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To complete the study, researchers tapped into the work habits of 317 workers throughout 19 offices in Denmark (a country that actually provides standing/sitting desks to all of its office workers) and randomly assigned them information and encouragement about using standing desks. Over the course of a month, they found that those who chose to stand for, on average, 71 minutes more per day completed about seven percent more steps throughout the day.
"We expected people to sit about an hour less a day, but they actually did more, which was really positive," says Ida Hogstedt Danquah, the study's lead author.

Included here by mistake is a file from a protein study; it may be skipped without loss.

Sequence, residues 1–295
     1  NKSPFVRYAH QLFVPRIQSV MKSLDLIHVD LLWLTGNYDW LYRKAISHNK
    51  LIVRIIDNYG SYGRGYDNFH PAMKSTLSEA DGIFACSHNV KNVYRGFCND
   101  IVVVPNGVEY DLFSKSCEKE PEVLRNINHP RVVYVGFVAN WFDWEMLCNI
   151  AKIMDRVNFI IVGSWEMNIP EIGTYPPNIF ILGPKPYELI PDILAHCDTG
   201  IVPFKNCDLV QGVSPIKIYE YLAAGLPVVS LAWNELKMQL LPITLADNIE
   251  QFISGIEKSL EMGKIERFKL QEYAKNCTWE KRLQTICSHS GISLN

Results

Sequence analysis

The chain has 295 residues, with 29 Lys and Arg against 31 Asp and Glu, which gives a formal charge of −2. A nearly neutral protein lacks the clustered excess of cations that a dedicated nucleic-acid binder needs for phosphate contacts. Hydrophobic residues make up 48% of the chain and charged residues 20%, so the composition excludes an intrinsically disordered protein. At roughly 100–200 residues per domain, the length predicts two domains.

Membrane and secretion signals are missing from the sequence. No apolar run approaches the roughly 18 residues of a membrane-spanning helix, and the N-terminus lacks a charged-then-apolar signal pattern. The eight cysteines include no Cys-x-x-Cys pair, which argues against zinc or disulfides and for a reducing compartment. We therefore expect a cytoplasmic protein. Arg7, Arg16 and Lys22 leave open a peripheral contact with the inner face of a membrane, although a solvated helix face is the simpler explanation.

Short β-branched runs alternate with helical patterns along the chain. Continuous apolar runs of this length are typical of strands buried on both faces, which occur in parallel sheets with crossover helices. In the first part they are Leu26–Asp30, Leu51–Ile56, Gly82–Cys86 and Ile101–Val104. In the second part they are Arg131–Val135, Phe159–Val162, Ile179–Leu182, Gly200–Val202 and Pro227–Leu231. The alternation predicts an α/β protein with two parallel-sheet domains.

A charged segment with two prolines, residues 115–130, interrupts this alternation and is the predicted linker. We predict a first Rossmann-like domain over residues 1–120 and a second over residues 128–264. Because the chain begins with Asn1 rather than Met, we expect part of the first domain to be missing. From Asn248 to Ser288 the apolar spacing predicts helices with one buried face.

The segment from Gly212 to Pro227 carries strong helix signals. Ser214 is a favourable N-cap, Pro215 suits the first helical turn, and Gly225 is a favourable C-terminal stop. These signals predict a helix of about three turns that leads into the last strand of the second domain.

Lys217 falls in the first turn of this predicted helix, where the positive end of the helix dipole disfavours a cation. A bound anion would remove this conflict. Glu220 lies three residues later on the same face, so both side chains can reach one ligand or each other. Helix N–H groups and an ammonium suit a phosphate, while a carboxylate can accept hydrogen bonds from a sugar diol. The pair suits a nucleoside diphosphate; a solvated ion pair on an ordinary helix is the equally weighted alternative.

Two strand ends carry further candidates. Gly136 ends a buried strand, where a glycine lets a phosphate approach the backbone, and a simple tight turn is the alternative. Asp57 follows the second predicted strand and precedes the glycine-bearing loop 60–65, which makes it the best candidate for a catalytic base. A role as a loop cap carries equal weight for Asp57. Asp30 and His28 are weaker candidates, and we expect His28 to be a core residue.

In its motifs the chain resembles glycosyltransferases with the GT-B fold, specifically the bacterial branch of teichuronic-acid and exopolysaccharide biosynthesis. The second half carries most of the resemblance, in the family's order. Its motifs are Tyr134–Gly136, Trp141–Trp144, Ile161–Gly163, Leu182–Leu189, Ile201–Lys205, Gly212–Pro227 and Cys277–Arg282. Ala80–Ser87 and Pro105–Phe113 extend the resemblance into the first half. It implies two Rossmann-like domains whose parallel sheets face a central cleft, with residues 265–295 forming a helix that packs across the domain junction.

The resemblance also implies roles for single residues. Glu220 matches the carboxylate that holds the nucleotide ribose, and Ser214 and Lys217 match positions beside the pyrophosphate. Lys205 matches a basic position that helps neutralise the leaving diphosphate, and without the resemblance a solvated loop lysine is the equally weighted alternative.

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And the health benefits, no matter how incremental, could add up over time.
"A reduction in sitting time by 71 minutes per day and increases in interruptions could have positive effects and, in the long run, could be associated with reduced risk of heart diseases, diabetes and all-cause mortality, especially among those who are inactive in their leisure time," says the study's co-author, Janne Tolstrup.
Translation: sit less at work, lower your risk of heart disease, diabetes, and early death, and easily boost longevity.